The second group of people lived in Philippi. Once again are multiple options as to their identity:

  • As indicated by Paul’s emphasis on Jesus as “lord” and “savior” (two titles reserved for the Roman Emperor), there may have been citizens of Philippi who were advocates of the cult of the emperor and were putting pressure on the Christian Philippians because their allegiance was being given to another “lord”. 6
  • Considering how concerned Paul was in general about Jews and Gentiles forming one people of God, the Philippian community may have been having difficulty with Judaizers–Jews who required Gentiles to follow the Jewish law in order to become a Christian. Paul often taught Jewish Christians to see that Christ brought an end to the law as a means of relating to God, and instructed Gentiles how to moderate their behavior toward the Jewish believers so as not to offend them.1

Praetorian Guard

Paul says that it is evident throughout the “whole palace guard” (literally, the praetoria) that he is in chains for Christ (1:13). The Praetorian Guard was a group of ten thousand hand-picked soldiers, concentrated in Rome, originally established by the emperor Tiberius. These soldiers had double pay and special privileges and eventually became very powerful politically.3

One of the responsibilities of the Praetorian Guard was to watch over the prisoners who had appealed to Caesar, such as Paul. A soldier would have been literally chained to Paul, day and night, in Paul’s rented house where he was under house arrest. It is interesting to think that the soldier to whom Paul was chained might have been Nero’s bodyguard the day before; or one of the executioners of Octavia (Nero’s wife) who then carried her head to Poppaea (Nero’s mistress).2

Job and Psalms

Paul uses Old Testament quotes and allusions to tell the Philippians that his imprisonment isn’t because he has done something wrong and God is punishing him. Rather that he, like the Job and King David, is a righteous man unjustly persecuted.

First, the phrase Paul uses in 1:19, “this will turn out for my deliverance,” is a quote from the Greek Old Testament of Job 13:16.6

Job 13 contains one of Job’s more poignant speeches, where he argues against the perspective of his friends who insist that his present situation is the result of hidden sin. Job knows better and pleads his cause with God, in whom he hopes and before whom he affirms his innocence. Indeed, the very hope of appearing before God in this way would be his “salvation,” because the godless shall not come before God (Job 13:16). And “salvation” for Job means “I know I will be vindicated” (v. 18).1

Second, when Paul goes on to say that he will “in no way be ashamed,” but have “sufficient courage” (1:20)  he picks up the language of Psalm 34:3-6 where David thanks God for delivering him from all his fears and taking away any possibility of shame, and Psalm 35:24-28 where David speaks about the vindication of God’s people.6

In biblical Greek “ashamed” has little to do with inner feelings resulting in embarrassment but with the disgrace of failing to trust God—or more often, the disgrace that the humble who do trust will not experience, despite present appearances to the contrary. Paul’s present usage appears to be echoing this motif from the Psalms, where the same words (“shame” and “be exalted”) often stand together in the same passage.1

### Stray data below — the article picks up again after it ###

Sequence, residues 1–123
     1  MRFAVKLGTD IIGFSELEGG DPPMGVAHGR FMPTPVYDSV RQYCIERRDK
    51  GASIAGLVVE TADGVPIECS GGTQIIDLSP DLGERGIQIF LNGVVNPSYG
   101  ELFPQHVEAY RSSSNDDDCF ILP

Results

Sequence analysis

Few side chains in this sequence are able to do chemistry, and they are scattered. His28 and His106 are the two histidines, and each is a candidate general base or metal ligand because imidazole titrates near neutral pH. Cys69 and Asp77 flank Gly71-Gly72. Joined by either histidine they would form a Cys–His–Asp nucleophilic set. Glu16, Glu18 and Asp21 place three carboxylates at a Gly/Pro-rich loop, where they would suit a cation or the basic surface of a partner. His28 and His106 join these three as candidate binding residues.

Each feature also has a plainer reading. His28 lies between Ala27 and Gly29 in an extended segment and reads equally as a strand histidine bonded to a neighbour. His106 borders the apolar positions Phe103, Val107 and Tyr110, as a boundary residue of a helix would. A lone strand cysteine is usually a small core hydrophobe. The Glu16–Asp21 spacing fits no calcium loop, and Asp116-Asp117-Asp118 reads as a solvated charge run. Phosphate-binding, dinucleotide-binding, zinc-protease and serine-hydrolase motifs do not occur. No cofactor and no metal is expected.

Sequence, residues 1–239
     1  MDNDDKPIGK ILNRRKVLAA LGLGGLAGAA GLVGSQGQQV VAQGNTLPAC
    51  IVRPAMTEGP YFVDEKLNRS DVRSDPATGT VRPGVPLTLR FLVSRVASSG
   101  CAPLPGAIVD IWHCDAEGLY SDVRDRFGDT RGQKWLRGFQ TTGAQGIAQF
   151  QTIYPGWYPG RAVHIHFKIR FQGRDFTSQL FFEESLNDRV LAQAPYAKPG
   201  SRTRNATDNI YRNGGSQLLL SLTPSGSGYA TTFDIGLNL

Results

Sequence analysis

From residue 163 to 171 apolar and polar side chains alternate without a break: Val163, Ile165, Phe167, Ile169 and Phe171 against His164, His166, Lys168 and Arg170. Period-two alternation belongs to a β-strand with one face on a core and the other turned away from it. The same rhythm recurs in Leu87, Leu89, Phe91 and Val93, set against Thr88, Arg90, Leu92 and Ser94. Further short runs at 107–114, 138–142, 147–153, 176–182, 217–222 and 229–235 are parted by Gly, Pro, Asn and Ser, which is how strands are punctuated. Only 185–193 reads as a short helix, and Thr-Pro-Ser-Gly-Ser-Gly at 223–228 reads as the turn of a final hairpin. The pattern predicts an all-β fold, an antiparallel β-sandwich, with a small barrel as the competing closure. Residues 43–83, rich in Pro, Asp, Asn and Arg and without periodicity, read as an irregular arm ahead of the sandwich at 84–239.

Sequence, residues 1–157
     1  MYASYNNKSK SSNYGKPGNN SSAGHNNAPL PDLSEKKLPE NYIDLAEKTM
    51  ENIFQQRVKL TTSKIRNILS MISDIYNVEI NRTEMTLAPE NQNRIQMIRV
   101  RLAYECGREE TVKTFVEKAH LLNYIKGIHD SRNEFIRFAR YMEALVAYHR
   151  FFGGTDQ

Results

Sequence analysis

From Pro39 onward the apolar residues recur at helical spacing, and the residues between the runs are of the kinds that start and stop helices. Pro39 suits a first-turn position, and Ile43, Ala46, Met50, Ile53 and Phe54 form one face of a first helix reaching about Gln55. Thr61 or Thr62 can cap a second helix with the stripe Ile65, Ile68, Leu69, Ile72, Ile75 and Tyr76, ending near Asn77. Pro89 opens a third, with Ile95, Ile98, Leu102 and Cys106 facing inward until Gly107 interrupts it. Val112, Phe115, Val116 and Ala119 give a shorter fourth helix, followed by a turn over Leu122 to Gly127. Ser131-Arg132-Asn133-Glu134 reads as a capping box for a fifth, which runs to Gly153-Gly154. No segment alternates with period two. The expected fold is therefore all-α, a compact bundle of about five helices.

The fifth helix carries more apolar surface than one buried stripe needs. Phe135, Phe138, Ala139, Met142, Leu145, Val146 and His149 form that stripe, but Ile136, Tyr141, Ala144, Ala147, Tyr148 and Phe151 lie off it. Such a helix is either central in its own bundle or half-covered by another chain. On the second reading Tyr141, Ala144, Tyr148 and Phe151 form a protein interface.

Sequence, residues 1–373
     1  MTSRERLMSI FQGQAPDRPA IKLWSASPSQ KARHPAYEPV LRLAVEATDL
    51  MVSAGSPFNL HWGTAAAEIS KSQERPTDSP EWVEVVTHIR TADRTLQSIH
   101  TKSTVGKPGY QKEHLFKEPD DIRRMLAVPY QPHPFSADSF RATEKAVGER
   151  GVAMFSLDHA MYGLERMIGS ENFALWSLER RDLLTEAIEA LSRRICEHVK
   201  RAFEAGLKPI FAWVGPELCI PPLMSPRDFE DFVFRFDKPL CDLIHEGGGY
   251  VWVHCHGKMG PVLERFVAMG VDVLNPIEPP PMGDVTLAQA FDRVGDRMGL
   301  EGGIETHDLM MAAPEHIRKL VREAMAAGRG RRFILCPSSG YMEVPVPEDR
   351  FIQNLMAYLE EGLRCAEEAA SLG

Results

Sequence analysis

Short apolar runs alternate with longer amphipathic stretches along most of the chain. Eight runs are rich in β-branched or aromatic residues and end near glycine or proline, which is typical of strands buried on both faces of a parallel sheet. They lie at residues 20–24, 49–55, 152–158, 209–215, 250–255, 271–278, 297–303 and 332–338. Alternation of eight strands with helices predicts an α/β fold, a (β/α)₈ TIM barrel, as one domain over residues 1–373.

Paul is telling his readers that he is experiencing no “shame” from being in prison; rather his hope is that Christ will receive honor however the trial turns out.1


  • Paul characterizes himself and Timothy as “servants (Greek: douloi) of Christ,” a favorite title of early Christian leaders (James 1:1; 2 Peter 1:1; Jude 1:1; Rev. 1:1). Undoubtedly the background for the concept of being the Lord’s slave or servant is to be found in the Old Testament scriptures. It was used of national Israel at times (Isa 43:10), but was especially associated with famous personalities such as Moses and the prophets.It is notable that Paul does not call himself an apostle as he does in almost every other letter. Here he emphasizes his humility not his authority.
  • Holy people” (or “saints” as it is often translated) is one of several Old Testament terms used to designate Israel that was appropriated by New Testament writers. Its origins can be traced to the covenantal setting of Exodus 19:6, where God addresses Israel as his people, “a holy nation”—a people consecrated and subject to Yahweh and his service. Its New Testament usage most likely derives from Daniel 7:18, where God’s end-time people, who receive the kingdom as an eternal inheritance, are called “the saints of the Most High.” Their becoming “God’s holy people” is the direct result of their relationship to Christ Jesus; they are the saints in Christ Jesus. Christ Jesus is responsible for their becoming the people of God.1
  • “Every time I remember you” indicates that Paul was praying for them at set times, according to his Jewish heritage. The Jews of Paul’s day regularly prayed: 1) In the morning, in connection with the morning sacrifice (9:00 am); 2) at the ninth hour in connection with the evening sacrifice (3:00 pm); 3) at sunset (~6:00 pm).6
  • Paul prays that their love may abound more and more in “knowledge and depth of insight” (1:9). The primary sense of the word translated “knowledge” is not so much “knowledge about” something as the kind of “full” or “innate” knowing that comes from experience or personal relationship. The second word translated “insight” denotes moral understanding based on experience, hence something close to “moral insight.1